The numbers on which these conclusions are drawn are not controversial. They come from research funded and paid for by organizations like the Humane Society of the United States (HSUS), Maddie's Fund, the Ad Council and the Pet Product Manufacturer's Association. Virtually every major animal welfare organization (with the exception of PETA) has come around to embrace them. You would think, therefore, that informed animal advocates would stop using "pet overpopulation" as an excuse for killing. If you thought that, however, you would be wrong. Some not only continue using overpopulation to excuse shelter killing, they also work to counter the research in order to justify doing so.
Francis Battista, one of the founder's of Best Friends Animal Society, for example, wrote on this topic:
"The pet overpopulation myth busters point out that the annual demand for the acquisition of new pets has been running at about 17 million per year, according to the folks who do market research for pet supply manufacturers. About 20-25 percent of those new pets will come via adoption. That leaves about 12 million slots to fill. Upwards of four million shelter pets are killed annually. If every one of those shelter pets found their way into a new home, there would still be an unmet demand for about eight million pets every year, and hence no overpopulation problem."
"The challenge, according to this logic, is better marketing of shelter pets both by the shelters themselves and by rescue groups, which serve as halfway houses for shelter animals. All that is needed to end the killing of dogs and cats is to up our market share of new pet acquisitions."
"OK, fair enough, but the shelter door swings both ways."
In writing this, Battista is suggesting several things that are incorrect. The first is that the model does not account for the supply side of the supply/demand model. But, of course, it does, and has ever since the research was published years ago. It also suggests that people pointing this out are not concerned with reducing intake to animal shelters, which is simply untrue. Several of the programs in the No Kill Equation are specifically for that purpose. Spay/neuter, TNR, proactive redemption and pet retention programs are all part of it and all work to reduce what Battista refers to as "noses in." Battista also got the numbers wrong. 17 million is not the total demand for pets. It is the demand for pets after subtracting those families committed to buying from breeders, or who are already adopting from animal shelters. His writing seems to suggest he does not understand the research about which he is writing.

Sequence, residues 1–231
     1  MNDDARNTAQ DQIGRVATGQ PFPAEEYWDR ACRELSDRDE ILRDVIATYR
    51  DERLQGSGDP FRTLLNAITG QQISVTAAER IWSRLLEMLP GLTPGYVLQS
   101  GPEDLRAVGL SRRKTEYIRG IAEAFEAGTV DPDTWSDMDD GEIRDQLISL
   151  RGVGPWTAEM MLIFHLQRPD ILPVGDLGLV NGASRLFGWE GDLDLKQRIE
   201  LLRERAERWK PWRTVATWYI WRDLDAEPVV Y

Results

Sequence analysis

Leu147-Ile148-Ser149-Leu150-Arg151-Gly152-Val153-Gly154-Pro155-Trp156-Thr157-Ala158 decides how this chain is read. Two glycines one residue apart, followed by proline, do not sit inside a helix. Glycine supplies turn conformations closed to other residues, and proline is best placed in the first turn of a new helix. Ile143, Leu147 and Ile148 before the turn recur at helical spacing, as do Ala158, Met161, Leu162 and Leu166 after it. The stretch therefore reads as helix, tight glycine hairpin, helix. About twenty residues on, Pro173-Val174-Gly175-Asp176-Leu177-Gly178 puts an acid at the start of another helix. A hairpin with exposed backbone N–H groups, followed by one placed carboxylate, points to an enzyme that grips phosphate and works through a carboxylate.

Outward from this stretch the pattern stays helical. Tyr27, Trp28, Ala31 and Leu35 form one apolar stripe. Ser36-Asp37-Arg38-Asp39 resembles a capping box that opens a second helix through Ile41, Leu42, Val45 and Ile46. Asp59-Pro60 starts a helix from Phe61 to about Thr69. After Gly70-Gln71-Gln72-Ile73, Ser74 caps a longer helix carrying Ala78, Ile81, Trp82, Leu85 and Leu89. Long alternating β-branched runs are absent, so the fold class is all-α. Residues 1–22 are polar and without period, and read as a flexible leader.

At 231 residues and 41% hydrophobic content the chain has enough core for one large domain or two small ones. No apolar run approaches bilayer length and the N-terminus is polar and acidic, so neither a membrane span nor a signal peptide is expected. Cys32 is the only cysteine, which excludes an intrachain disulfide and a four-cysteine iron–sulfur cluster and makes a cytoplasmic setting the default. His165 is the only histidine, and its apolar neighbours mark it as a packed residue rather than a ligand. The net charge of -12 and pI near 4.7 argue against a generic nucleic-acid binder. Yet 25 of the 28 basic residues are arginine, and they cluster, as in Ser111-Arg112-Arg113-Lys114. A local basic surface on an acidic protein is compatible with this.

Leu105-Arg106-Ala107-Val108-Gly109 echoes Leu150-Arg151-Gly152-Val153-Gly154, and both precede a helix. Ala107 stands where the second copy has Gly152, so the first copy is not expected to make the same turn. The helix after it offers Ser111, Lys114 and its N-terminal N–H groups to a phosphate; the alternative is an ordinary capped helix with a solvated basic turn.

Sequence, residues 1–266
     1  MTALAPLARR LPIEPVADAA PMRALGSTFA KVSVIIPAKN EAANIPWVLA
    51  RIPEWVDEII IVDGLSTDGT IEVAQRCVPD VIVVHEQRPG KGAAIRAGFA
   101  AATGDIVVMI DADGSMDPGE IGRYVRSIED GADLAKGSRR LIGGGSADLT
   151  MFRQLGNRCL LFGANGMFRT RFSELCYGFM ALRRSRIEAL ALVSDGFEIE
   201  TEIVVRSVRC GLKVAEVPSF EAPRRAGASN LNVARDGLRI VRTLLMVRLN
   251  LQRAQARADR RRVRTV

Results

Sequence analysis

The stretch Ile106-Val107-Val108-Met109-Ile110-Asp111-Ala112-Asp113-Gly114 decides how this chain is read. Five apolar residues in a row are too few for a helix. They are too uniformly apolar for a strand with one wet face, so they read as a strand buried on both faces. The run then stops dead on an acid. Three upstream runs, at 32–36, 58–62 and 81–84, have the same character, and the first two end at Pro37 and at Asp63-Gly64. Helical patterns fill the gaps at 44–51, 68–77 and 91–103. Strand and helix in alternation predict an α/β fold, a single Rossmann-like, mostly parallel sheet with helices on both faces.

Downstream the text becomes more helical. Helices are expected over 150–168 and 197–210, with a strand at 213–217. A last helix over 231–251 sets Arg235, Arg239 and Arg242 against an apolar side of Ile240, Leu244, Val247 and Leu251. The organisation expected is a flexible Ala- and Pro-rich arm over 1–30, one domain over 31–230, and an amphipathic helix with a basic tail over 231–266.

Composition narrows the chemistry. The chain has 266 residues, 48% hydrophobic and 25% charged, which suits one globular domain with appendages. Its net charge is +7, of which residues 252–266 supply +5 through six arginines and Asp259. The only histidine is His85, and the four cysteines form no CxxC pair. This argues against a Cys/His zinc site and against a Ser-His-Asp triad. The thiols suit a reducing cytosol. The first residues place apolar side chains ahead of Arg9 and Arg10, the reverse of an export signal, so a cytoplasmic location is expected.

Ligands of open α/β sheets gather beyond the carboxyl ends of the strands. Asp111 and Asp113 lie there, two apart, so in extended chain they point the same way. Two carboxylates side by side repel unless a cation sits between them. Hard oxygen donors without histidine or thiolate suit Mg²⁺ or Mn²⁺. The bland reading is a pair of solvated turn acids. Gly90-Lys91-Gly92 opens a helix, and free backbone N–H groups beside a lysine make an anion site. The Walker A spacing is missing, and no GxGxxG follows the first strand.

To his credit Battista says the numbers prove the goal of No Kill is attainable. But, he stops short of saying that pet overpopulation does not exist, or that it is simply a false construct used to excuse killing by shelters who have not implemented the programs needed to save them.
For the USA to become No Kill, we have to stop this rhetoric and excuse-making and put responsibility for the killing where it belongs. To do that, we need to stop talking as though "pet overpopulation" is a real thing. If there is an overpopulation problem of any kind, it is a shelter overpopulation problem caused by poor management and bad policies and practices. We need to call it what it is.